South Carolina and SEC Football -- Not Immune from Off Field Problems
by Paul Lyboult
(Syracuse, NY )
As other SEC football programs are preparing for spring practice, another is preparing to lose yet another player to off the field issues. Less than a week ago South Carolina offensive linemen Kevin Young was arrested for fighting and resisting arrest. This isn’t the first time that the South Carolina football team has seen one of its own players break the law.
Earlier last month wide receiver Dion Lecorn was arrested and charged with possession of marijuana. Lecorn was suspended from the team and Young should also be soon to follow. The suspensions of these players is for good reason, but it continues a troubling trend of athletes at the college level getting into situations that the football field usually keeps them out of.
The NFL has certainly seen its fair share of off-field problems over the past year with “Pac Man” Jones and most of the Cincinnati Bengals, to go along with others. With pro players being paid millions and yet still having a hard time playing nice off the field, it’s a poor example being set to these young college players who haven’t even fulfilled their eligibility yet. What will the college game look like in five years? One must really start to wonder.
The Miami Hurricanes in the past were so well known for their troubled players and even more recently with players such as former linebacker Willie Williams. In contrast to more than ten years ago, the conduct of NCAA football players is now at an absolute worst. Whether its arrests at Virginia or even uncommitted high school seniors running into trouble, the end of off field issues doesn’t appear to be in sight.
The NFL has really set the standard for giving second chances. Players who commit dishonorable acts off the field are often given second chances when their time comes to playing again. Most notably Rams defensive end Leonard Little, who was arrested in 1998 for drunk driving. Not only did Little break the law, but he took the life of another. Looking back almost ten years many have forgotten, and the only knock on Little now is that his skills on the field are diminishing now that he is at the tender age of 34. Do you think Mike Vick will get back onto the field once he is free from prison? Count on it. If there is a talented player available and can help a coach win games, he will more than likely have a job. Only in extreme circumstances will you see a law breaker not make it back to the pro game (see Rae Carruth).
Remember Lawrence Phillips? All his college drama was forgettable when he was a star running back at Nebraska in the mid-1990’s. His entry into the NFL, and the millions that soon followed, still didn’t stop Phillips from being arrested more times than a drug dealer on cops. It’s a sad thing when coaches take talent over character. Read about former Seattle Seahawks tight end Jeremy Stevens and all of his problems he got himself into while in college. Even still, that landed him a first round spot and millions soon followed. Talent over character, even in today’s world you would think coaches would have learned their lesson. Maybe not, as even Pac Man Jones still has teams that want his services.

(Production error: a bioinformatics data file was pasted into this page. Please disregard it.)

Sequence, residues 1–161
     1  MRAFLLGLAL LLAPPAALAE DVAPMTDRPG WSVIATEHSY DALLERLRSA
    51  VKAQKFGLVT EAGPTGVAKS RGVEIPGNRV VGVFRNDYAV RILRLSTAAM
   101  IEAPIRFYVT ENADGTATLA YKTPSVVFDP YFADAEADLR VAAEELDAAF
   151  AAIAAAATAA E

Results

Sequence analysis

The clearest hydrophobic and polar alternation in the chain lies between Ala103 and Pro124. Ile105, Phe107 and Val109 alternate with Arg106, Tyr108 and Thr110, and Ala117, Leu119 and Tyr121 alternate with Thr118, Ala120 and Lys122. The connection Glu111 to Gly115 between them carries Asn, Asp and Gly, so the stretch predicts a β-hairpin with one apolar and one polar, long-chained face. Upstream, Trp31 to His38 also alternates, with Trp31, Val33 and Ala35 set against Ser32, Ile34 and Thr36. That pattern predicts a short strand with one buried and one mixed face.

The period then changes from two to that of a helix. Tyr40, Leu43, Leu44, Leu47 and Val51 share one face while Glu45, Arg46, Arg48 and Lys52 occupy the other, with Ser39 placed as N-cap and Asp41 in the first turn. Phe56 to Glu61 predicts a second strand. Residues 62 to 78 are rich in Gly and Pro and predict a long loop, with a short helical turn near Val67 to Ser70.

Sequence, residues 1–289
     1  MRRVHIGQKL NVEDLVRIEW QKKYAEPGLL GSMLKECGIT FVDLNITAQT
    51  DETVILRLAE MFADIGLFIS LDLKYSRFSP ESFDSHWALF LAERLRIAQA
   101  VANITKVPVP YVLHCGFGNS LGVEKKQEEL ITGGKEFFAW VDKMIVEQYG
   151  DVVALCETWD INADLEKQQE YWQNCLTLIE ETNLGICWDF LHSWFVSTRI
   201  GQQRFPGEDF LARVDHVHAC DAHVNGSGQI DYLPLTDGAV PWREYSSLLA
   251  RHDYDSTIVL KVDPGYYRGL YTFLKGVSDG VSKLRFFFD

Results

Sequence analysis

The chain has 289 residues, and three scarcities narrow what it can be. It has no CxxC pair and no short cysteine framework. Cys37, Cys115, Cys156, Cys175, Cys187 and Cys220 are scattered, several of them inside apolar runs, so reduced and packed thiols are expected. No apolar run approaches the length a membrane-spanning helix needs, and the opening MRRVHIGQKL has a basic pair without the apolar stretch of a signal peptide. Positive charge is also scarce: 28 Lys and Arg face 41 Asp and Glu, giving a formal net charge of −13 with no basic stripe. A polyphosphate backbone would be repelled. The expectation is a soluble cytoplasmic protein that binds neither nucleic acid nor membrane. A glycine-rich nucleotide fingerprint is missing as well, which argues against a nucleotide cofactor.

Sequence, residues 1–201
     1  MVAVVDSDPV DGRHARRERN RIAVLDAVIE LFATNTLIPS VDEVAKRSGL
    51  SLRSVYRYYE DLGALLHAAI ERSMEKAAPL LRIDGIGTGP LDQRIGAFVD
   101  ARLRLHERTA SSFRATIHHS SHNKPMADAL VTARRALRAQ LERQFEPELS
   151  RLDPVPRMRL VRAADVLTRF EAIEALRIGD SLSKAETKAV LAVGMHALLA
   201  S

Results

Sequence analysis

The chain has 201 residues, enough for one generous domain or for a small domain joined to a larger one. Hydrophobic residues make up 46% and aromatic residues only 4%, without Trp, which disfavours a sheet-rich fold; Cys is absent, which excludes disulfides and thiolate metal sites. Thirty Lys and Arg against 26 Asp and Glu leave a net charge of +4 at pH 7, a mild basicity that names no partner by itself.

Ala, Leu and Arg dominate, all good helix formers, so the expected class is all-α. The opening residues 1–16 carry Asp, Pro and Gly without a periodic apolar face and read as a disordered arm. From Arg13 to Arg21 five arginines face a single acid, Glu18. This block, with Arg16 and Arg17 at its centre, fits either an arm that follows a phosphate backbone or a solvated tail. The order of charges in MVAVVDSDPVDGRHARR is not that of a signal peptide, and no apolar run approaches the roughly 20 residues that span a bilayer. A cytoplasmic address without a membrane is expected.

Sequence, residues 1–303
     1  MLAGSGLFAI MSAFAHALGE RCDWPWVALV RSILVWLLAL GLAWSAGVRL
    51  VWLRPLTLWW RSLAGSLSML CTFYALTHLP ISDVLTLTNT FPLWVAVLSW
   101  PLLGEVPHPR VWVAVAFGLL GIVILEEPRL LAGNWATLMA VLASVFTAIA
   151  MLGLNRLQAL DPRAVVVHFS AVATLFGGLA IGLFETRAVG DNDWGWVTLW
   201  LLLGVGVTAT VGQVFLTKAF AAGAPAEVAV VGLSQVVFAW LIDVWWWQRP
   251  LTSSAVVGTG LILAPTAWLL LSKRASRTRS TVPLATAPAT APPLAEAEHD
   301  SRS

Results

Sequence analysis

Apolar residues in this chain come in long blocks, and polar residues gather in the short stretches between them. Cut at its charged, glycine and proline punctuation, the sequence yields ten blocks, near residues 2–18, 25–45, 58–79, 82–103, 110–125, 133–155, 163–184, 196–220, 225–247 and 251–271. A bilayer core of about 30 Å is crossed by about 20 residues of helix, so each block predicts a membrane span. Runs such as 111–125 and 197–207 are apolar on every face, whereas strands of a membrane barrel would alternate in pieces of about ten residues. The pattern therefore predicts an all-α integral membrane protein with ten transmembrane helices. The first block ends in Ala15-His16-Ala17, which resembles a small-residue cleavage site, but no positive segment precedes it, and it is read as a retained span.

The college game is following in the same footsteps as its pro big brother. College coaches are being paid millions. See the contracts of Steve Spurrier, Pete Carroll, Les Miles and others. The contracts of these coaches don’t just say dollars, they spell out wins and if it’s one troubled player or three that could enable these coaches to win then talent over character will once again win it. It is not only up to the players to act properly off the field, it should also be the responsibility of the coaches, the team as a whole, and the university to ensure the off-field issues are no longer ones.
These are growing young men, and while they do not need a baby sitter necessarily, what they do need is an enforcer and someone to look up to. Not just someone who is doing what is best in terms of how it will help them win the fastest. It is the year 2008 and eventually at some point a stand must be taken into making sure that everyone involved in college sports, not just football, make the right choices in terms of the players that they are involved with and put forth into college sports. Lord knows football doesn’t need another Pac Man Jones or two.
Read more Paul Lyboult blogs at SEC Football Blog.